Shane Davey’s positive account on taking his film The Albion Falls through a seven-day residential workshopping process at Production Value 2016: Amsterdam.
Towards the end of 2015, my producer Andy Noble received confirmation that our project The Albion Falls had been selected to take part in Production Value 2016: Amsterdam.
The film had originally been conceived for submission to Film London’s Microwave scheme, where it was shortlisted and received positive feedback from the panel. Their readers also took to the film, giving praise with a glowing review, but sadly the scale of the project was too large for Film London to move forward with.
The Albion Falls is a sci-fi thriller about a prison ship that crashes on an uncharted planet, pitting its remaining survivors against each other; think The Grey meets Ashes of Time!
Subsequent drafts of the script have been through industry reading circles and professional script report services for feedback. There were a couple of bad versions of the story but then everything just started to fall into place; characters clicked, the dynamics became fluid and the action defined.
The next steps were to create a sizzle reel and accompanying brochure outlining the project’s tone and aspirations. These explained the crux of the story and its underlying themes using visual references and mood boards. A short test film (below) where we rehearsed the fight choreography and scale model work was also completed.
The three minute test film had a life of its own, playing at genre festivals around the world including two comic conventions in the US, one in Spain, and the Australian Sci-Fi Film Festival. It was also featured on HeyUGuys, a London-based film news and reviews site ‘celebrating the freshest new voices in cinema’ .
Then we met with Hubbards to discuss casting options and, with their help, put together a realistic shortlist of talent that we could approach. This in turn enabled us to get estimated figures from a UK sales agent, though at this point we still didn’t have a concrete budget breakdown and schedule to complete the package and that’s where Production Value 2016 came in.
@ Production Value 2016: Amsterdam
Production Value is a training initiative organised by multiple partners including FOCAL Resource (Amsterdam), the Austrian Film Institute (Vienna), the Norwegian Film Institute (Oslo), the Swedish Film Institute (Stockholm), the Finnish Film Foundation (Helsinki) and FOCAL (Lausanne), with additional support from Creative Europe, European Union programme. It is the brainchild of Swiss filmmaker Denis Rabaglia who has been Head of Studies at Production Value for ten years.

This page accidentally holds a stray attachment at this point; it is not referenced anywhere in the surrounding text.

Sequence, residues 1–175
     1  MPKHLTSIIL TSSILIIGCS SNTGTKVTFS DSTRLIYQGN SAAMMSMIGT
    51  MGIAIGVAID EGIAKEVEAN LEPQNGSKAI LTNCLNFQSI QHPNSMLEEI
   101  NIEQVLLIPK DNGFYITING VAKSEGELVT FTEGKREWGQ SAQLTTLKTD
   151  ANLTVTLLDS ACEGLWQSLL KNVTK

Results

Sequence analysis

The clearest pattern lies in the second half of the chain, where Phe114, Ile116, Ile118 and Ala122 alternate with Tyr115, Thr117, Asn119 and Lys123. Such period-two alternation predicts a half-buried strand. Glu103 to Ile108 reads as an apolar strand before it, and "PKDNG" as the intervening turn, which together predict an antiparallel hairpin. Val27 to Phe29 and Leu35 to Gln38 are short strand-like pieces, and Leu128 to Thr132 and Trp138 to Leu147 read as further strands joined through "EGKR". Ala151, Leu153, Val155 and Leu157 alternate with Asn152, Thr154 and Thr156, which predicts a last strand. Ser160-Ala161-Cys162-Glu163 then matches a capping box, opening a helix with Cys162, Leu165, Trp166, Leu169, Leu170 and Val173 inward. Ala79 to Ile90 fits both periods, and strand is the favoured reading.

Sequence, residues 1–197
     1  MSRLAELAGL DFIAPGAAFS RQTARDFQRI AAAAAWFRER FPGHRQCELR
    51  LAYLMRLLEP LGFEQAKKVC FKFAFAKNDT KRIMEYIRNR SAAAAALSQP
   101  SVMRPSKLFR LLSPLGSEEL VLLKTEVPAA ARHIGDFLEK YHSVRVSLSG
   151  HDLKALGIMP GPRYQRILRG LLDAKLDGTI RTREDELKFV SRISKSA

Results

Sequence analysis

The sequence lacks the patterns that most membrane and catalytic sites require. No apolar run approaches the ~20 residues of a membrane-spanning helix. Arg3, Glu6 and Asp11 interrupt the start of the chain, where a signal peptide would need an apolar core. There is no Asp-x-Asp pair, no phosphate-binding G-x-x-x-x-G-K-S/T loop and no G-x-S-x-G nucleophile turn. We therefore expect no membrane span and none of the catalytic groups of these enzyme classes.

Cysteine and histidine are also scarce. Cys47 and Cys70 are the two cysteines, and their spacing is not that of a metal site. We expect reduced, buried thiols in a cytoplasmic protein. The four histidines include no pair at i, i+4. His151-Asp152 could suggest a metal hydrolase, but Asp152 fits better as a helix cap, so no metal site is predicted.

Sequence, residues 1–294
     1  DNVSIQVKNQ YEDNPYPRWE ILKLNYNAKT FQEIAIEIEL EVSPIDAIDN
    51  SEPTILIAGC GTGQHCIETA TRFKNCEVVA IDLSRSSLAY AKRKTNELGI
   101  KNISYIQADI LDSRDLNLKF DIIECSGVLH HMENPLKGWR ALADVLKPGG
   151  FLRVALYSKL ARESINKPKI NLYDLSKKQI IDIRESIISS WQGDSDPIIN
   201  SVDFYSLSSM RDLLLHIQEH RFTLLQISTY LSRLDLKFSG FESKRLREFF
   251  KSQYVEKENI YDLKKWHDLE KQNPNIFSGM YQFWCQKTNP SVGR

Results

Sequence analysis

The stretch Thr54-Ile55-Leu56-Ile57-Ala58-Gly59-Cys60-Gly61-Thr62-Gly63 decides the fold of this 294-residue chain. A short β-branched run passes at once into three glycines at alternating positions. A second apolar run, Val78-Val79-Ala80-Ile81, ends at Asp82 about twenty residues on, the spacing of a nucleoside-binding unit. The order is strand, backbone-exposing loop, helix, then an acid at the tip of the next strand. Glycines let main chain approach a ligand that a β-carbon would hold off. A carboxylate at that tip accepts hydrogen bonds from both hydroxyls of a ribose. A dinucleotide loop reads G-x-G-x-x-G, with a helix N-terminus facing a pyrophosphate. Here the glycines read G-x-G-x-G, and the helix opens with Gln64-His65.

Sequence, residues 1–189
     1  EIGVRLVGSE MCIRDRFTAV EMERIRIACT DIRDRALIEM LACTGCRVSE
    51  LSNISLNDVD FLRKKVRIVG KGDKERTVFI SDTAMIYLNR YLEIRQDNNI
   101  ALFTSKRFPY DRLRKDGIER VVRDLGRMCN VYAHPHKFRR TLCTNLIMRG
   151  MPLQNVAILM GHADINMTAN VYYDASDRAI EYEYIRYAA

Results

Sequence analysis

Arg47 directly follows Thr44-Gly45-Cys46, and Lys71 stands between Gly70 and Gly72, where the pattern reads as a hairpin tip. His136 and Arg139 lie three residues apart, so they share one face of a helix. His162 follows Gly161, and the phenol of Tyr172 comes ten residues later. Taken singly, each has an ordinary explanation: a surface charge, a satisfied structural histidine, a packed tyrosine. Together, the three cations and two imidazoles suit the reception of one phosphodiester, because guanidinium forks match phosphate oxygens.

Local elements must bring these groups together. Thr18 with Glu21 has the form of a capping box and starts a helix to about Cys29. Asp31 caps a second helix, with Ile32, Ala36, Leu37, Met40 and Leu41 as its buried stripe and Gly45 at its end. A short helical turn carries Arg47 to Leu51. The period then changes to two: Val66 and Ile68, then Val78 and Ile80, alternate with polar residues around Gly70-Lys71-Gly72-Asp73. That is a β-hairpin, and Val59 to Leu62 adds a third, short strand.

Production Value is a seven-day residential workshop aimed at simulating the pre-production for six existing film projects, ultimately delivering professional budgets and shooting schedules. Working in teams of two, junior line producers and assistant directors from all over Europe are assigned one of these projects, brought to the workshop by directors and producers. The teams are coached by top-level European line producers and 1st assistant directors to ensure they receive the best budget breakdowns and schedule plans possible.
Our junior line-producer was Zdenka Gold from Croatia and our junior 1st assistant director was Silvia Martinez from Spain. Our senior line producer was Mathias Schwerbrock from Germany and our senior 1st assistant director was Stuart Renfrew from the UK. Roaming between the projects was VFX supervisor Frank Schlegel; Frank’s keynote speech was a brilliant recollection of the scale model work he did for The Grand Budapest Hotel.
Prior to our arrival in Amsterdam the team had already been deconstructing the project for five days and were ready to present their work to us. They had been meticulous in their analysis of the script; breaking down each scene in detail so that every word had a cost and time equivalent. For the purposes of the exercise we had selected Germany as our shooting location so everything presented was based on German rates.